Setup can also have an affect on overall system performance. One thing I did not cover previously is that by changing from the integrated SiS IDE ports to the High Point Technology ATA/133 port (using the Ultra ATA mode instead of RAID), I was able to get a significant gain in the disk scores under both Winbench and Winstone.
Did you notice that even though the HPT IDE port showed a larger percentage gain in the Business Winbench test results it showed a smaller percentage gain in the Business Winstone test? Kind of interesting since the Winbench disk tests are using the same data and applications as the Winstone tests. I would guess the reason is that disk access has less influence with the type of applications run and data used. Along with the fact that Winbench measures only the actions that result in I/O operations, while Winstone measures the operations that do other things – thus diluting the impact of I/O, as is the case in the ‘real world’.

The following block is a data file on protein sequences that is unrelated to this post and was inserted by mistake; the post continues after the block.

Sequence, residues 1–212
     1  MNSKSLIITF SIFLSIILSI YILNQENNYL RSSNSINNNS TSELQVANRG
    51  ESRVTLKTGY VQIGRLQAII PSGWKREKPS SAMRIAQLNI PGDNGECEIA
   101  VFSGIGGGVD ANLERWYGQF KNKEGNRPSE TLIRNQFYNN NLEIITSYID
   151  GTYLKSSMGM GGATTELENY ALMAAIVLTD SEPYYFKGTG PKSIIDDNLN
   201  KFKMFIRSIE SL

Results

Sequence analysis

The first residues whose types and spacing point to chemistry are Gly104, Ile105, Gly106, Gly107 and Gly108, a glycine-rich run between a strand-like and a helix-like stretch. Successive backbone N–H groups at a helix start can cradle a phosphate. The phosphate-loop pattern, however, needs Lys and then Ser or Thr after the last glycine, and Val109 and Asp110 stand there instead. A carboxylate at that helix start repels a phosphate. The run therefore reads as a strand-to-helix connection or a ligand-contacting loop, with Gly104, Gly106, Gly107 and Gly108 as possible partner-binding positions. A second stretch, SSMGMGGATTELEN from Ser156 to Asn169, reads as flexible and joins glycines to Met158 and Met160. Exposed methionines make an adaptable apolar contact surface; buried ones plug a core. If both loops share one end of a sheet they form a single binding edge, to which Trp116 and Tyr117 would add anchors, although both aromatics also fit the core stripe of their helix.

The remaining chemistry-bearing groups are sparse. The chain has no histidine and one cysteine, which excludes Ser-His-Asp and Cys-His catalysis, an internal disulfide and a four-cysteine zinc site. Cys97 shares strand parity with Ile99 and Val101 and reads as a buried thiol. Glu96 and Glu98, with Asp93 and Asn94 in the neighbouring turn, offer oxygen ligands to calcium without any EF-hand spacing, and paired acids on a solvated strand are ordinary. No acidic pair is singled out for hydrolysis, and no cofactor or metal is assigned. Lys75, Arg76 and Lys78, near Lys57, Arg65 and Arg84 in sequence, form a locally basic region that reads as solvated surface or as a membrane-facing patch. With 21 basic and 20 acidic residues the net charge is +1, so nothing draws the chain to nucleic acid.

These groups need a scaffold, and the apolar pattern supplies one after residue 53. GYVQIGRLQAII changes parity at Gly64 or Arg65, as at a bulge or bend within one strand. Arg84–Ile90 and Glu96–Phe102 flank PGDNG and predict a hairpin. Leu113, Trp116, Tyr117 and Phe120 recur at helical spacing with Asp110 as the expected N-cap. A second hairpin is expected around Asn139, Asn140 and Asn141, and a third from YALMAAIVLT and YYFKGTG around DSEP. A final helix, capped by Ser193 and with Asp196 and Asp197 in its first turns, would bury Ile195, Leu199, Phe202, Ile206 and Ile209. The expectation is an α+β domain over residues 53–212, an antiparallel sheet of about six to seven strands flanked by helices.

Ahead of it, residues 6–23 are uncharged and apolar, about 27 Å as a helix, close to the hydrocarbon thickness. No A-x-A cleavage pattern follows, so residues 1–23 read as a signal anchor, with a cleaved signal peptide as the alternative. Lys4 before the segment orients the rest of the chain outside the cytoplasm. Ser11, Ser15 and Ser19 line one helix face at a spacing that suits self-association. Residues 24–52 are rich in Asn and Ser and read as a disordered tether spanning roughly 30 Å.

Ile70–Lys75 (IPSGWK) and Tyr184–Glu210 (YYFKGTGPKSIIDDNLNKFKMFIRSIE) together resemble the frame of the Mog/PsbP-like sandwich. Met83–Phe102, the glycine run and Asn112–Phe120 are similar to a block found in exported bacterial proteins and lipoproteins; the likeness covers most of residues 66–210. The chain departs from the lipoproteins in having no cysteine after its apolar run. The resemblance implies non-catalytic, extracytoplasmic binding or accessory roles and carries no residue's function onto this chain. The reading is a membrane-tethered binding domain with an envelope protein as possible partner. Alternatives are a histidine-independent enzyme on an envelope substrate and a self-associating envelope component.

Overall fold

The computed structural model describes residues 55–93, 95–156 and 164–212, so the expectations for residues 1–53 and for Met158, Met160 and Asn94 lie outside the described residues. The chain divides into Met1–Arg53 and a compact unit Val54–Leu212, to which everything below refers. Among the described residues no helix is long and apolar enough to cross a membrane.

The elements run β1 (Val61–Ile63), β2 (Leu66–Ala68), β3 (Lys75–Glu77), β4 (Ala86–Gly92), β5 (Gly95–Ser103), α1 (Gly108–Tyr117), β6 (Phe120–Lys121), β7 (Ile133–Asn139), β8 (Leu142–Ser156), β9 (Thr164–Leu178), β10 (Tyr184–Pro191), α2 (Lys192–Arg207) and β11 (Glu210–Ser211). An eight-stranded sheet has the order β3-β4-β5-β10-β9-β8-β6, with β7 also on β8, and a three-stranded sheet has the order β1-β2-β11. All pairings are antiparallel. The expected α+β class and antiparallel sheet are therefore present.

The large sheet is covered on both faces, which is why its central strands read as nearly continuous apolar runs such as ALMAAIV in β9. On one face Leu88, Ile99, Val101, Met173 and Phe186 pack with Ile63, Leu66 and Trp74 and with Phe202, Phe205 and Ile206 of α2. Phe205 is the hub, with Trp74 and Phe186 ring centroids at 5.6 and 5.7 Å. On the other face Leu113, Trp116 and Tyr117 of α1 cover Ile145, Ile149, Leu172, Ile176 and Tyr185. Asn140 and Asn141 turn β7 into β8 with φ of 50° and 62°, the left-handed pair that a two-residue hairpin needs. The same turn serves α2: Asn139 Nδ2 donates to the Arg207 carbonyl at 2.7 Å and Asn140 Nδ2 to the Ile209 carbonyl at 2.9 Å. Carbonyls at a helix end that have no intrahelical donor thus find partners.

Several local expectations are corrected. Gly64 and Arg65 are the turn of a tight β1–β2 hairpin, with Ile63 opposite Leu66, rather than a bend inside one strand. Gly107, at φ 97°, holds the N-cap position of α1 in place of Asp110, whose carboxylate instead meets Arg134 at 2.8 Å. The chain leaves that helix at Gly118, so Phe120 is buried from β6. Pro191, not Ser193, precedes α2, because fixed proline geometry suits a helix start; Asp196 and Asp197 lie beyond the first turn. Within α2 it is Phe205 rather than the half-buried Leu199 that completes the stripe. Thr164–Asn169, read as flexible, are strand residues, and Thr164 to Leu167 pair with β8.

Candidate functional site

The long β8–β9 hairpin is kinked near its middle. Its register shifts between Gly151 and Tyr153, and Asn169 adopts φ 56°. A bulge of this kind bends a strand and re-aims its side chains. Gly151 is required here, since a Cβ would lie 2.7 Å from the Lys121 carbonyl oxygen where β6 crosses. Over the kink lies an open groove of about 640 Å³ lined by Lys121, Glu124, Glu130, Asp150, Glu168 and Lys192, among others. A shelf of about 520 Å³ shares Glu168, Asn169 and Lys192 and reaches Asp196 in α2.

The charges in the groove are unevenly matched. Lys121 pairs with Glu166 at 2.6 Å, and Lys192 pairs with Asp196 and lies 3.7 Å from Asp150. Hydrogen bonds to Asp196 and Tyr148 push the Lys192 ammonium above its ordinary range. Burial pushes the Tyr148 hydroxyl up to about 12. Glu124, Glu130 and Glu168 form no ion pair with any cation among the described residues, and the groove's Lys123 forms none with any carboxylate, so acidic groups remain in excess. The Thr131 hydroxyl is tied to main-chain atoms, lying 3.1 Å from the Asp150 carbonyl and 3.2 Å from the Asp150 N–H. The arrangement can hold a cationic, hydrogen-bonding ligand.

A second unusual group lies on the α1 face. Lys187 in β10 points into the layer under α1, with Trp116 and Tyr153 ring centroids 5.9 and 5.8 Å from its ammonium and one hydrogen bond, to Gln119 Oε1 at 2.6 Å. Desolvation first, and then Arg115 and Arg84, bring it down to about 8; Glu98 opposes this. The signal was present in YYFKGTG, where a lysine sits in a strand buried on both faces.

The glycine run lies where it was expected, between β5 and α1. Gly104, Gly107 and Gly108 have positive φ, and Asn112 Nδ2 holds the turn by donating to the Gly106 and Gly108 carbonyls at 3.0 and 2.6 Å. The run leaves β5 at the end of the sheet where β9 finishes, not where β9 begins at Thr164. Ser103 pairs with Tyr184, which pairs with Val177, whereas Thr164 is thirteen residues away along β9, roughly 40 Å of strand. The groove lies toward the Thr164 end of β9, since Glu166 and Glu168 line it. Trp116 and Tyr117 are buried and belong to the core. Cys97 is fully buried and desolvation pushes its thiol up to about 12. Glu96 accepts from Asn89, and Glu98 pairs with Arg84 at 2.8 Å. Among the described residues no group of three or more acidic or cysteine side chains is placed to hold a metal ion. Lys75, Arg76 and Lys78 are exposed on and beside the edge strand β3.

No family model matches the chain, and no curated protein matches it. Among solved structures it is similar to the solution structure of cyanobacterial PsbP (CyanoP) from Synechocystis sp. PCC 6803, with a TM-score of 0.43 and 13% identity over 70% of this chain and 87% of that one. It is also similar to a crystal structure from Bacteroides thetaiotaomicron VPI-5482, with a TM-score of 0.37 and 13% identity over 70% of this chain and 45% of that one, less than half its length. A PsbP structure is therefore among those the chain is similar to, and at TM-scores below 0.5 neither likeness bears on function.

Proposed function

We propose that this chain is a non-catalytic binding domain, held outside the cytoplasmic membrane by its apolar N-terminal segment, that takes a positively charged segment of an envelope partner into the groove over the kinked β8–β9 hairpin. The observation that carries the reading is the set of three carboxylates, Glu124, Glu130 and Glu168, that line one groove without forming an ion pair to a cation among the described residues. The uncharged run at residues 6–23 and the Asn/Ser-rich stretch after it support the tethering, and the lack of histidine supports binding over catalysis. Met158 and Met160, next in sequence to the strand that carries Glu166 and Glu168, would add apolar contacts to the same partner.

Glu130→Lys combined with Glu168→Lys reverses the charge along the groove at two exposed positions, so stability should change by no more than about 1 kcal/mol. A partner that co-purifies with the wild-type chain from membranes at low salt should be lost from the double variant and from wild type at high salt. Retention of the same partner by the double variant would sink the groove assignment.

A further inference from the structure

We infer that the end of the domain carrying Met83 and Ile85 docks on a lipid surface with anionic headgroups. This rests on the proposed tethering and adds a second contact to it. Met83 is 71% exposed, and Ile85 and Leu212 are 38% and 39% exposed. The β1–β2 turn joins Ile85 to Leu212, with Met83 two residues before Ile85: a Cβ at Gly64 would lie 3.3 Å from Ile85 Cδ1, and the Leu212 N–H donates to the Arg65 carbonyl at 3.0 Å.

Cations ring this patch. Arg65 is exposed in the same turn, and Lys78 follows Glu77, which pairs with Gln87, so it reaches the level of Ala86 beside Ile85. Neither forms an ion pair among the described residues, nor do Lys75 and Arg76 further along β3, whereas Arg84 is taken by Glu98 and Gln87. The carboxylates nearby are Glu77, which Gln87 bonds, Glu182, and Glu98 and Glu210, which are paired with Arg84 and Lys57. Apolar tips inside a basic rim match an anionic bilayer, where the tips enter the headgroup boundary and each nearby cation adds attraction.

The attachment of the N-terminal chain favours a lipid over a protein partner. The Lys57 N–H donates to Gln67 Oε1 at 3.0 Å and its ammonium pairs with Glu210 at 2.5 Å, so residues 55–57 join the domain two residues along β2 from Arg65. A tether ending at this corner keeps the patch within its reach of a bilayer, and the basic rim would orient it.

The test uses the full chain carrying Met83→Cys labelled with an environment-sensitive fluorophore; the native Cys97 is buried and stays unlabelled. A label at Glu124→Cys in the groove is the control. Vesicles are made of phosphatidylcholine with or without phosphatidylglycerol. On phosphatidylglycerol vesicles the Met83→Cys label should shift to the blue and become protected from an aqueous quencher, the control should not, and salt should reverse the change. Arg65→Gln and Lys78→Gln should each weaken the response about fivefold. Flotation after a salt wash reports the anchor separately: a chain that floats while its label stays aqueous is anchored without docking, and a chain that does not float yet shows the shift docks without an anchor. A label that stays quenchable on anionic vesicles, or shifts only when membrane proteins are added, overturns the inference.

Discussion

And what about the upcoming 533MHz FSB iP4 (133MHz SysClk) due later this half of 2002? How much of an impact will it have? Well I was able to do some testing using the Willamette core 2.0GHz CPU:
As you can see, it makes a difference, but not much. I also tried setting the memory to 166MHz (DDR333 / PC2700) when using a 100MHz SysClk, but there was no gain in performance. However, when using a 133MHz SysClk and 166MHz memory there was a gain in performance.
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